Shuttered by Ebola, The Gutter reopens after scrub-down

Shuttered by Ebola, The Gutter reopens after scrub-down
Photo by G.N. Miller

The Williamsburg bowling alley that an Ebola-infected doctor visited last week spared no precaution in cleaning up to prevent another strike from the deadly virus.

Politicians descended on The Gutter on Friday and Saturday to assure Brooklynites that it is still safe to bowl there after Manhattan doctor Craig Spencer paid a visit on the evening of Oct. 22, days after returning from a stint treating Ebola patients in Guinea, and one day before he came down with a high fever and checked into Bellevue Hospital Center with the illness. Bowling alley management shuttered the facility the following evening and kept it closed through Saturday despite getting the all-clear from health officials the afternoon prior. Borough President Adams and Assemblyman Joe Lentol (D–Williamsburg) told media members gathered on the N. 14th Street sidewalk outside the shuttered alley on Oct. 24 to remain calm.

“Our goal here in Brooklyn is to allow people to respond to facts and not hysteria, to have people understand exactly what Ebola is and how does one contract it,” Adams said. “We do not want to go to or return to the days where people were just petrified over unknown viruses.”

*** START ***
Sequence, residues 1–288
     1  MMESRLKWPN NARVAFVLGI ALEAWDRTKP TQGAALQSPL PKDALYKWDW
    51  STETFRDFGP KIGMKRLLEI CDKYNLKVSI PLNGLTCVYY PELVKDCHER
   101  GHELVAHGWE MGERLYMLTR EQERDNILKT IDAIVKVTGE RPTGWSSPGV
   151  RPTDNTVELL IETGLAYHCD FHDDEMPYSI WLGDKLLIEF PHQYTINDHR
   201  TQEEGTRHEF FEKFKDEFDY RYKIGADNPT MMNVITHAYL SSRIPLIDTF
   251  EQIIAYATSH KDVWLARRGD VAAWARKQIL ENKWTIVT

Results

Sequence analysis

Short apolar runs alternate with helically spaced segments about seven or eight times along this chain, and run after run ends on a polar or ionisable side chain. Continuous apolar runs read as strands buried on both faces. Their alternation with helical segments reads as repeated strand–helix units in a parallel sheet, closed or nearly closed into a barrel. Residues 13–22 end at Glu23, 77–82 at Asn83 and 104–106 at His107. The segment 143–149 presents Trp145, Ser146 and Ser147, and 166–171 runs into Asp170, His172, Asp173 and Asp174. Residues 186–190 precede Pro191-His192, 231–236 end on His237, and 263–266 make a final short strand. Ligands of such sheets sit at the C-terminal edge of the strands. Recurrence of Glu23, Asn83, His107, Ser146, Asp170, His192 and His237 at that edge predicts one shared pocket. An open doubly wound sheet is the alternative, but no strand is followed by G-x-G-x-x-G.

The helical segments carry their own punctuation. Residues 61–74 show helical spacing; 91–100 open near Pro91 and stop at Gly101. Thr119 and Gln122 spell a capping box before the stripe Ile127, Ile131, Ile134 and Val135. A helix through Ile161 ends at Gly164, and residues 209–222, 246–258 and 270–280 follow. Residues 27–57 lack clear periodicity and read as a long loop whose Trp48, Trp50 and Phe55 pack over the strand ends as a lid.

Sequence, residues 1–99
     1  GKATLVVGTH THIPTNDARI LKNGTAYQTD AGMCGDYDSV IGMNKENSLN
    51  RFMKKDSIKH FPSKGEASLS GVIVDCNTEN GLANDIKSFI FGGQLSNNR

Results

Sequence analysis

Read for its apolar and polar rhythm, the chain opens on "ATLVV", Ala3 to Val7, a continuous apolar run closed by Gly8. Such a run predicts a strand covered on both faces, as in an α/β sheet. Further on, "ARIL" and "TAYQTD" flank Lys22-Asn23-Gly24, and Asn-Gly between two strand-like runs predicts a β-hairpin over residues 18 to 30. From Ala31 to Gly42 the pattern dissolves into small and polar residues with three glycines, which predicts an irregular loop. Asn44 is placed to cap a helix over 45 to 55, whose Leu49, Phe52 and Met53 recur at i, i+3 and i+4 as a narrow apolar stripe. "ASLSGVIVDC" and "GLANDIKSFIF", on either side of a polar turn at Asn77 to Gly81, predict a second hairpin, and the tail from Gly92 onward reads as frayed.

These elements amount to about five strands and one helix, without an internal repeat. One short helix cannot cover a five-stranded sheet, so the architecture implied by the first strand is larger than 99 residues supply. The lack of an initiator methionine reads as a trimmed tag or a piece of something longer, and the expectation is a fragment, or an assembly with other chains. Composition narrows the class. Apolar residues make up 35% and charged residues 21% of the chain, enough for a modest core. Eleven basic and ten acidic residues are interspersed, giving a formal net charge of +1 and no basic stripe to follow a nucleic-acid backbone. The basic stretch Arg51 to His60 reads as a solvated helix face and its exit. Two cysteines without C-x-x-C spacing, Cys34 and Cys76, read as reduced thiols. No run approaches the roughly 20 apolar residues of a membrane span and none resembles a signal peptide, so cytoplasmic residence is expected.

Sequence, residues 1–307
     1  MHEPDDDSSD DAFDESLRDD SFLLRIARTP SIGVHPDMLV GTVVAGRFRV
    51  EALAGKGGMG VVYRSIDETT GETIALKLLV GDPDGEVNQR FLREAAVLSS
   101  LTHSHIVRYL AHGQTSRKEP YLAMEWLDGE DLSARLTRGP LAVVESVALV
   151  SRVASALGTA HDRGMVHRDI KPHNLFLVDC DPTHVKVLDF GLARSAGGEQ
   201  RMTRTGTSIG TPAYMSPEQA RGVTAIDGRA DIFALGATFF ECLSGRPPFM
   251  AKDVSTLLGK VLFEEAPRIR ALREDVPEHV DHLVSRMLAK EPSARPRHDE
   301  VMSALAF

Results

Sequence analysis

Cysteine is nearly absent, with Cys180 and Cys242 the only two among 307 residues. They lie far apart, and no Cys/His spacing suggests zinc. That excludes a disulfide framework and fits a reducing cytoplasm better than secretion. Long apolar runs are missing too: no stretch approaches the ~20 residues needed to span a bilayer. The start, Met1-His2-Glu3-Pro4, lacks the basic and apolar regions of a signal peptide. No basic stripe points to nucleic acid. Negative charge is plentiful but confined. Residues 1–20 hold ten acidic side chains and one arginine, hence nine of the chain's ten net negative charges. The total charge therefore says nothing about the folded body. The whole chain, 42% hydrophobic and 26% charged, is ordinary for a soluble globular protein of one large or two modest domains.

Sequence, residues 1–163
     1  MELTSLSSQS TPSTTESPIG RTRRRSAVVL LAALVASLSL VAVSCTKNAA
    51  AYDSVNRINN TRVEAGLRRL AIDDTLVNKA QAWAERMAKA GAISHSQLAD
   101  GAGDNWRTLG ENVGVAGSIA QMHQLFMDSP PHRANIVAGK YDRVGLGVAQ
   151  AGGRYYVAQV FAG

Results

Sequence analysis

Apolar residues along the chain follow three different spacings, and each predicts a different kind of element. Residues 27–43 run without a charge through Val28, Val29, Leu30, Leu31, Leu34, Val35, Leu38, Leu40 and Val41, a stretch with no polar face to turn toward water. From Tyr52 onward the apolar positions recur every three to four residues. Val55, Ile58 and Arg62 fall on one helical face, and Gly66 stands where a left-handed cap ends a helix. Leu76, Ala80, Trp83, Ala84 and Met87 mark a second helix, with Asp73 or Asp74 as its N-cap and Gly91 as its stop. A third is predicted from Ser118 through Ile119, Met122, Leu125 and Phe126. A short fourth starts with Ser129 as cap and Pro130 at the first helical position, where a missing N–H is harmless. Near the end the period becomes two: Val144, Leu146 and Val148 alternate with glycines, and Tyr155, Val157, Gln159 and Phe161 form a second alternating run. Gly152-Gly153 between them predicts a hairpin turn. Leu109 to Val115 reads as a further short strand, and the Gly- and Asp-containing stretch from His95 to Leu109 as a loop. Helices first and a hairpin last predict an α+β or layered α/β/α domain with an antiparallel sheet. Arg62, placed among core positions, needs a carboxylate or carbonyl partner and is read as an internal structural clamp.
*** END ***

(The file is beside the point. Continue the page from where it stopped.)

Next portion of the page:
Before reopening, The Gutter got two scrub-downs, one from the feds, and another from a Long Island biohazard-abatement firm, the New York Post reported.

Borough President Adams broke in a lane on Saturday afternoon, bowling two frames for the cameras, according to reports.

The Gutter’s closure came in the midst of the five-day CMJ Music Marathon, disrupting what would have been a busy evening of live music at the alley.

“We voluntarily decided to close The Gutter yesterday evening as a precautionary measure while we gathered more information,” owner Todd Powers wrote on the venue’s Facebook page on the morning of Oct. 23.

New York City Health Commissioner Dr. Mary Bassett recounted Spencer’s itinerary from the time he had contact with an Ebola patient in Guinea on Oct. 12. He returned to New York on Oct. 17 and started feeling tired on Tuesday, Oct. 21. That day, he went to a park and a Meatball Shop restaurant in Manhattan. The following day, he caught the A and L trains from his Harlem apartment to The Gutter, then hitched a ride in an Uber car. On Thursday, he took his temperature and found that it was 100.3 degrees and was carried by ambulance to Bellvue, where he tested positive for the disease.

Lentol cautioned Brooklynites against hysteria. But he also suggested that the Center for Disease Control should enact stricter rules for doctors and others returning from Ebola-stricken countries.

“Some of them want to travel back to the United States and we understand that, but there may have to be some better practices,” said Lentol. “We may have to call upon the CDC to standardize protocol.”

Williamsburg regulars we polled shrugged off the media circus surrounding the tropical disease’s visit to Brooklyn, saying all it made them feel is a newfound appreciation of The Gutter.

“I think this is the funniest thing I’ve ever seen. I could die of so many more things and I know Ebola will never touch me,” Cordelia Persen said. “Now I suddenly want to go there.”

Reach reporter Danielle Furfaro at dfurf‌[email protected]‌ngloc‌al.com or by calling (718) 260–2511. Follow her at twitt‌er.com/‌Danie‌lleFu‌rfaro.